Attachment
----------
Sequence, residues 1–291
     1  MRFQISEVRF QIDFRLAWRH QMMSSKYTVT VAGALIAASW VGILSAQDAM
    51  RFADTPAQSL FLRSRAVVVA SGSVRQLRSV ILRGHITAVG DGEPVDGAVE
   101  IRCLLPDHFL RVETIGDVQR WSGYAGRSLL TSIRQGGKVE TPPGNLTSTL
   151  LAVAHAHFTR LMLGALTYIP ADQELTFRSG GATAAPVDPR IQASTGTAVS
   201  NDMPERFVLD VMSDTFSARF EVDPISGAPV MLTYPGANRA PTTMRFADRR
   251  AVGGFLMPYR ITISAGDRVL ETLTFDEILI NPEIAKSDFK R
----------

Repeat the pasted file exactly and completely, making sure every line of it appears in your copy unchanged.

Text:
Sequence, residues 1–291
     1  MRFQISEVRF QIDFRLAWRH QMMSSKYTVT VAGALIAASW VGILSAQDAM
    51  RFADTPAQSL FLRSRAVVVA SGSVRQLRSV ILRGHITAVG DGEPVDGAVE
   101  IRCLLPDHFL RVETIGDVQR WSGYAGRSLL TSIRQGGKVE TPPGNLTSTL
   151  LAVAHAHFTR LMLGALTYIP ADQELTFRSG GATAAPVDPR IQASTGTAVS
   201  NDMPERFVLD VMSDTFSARF EVDPISGAPV MLTYPGANRA PTTMRFADRR
   251  AVGGFLMPYR ITISAGDRVL ETLTFDEILI NPEIAKSDFK R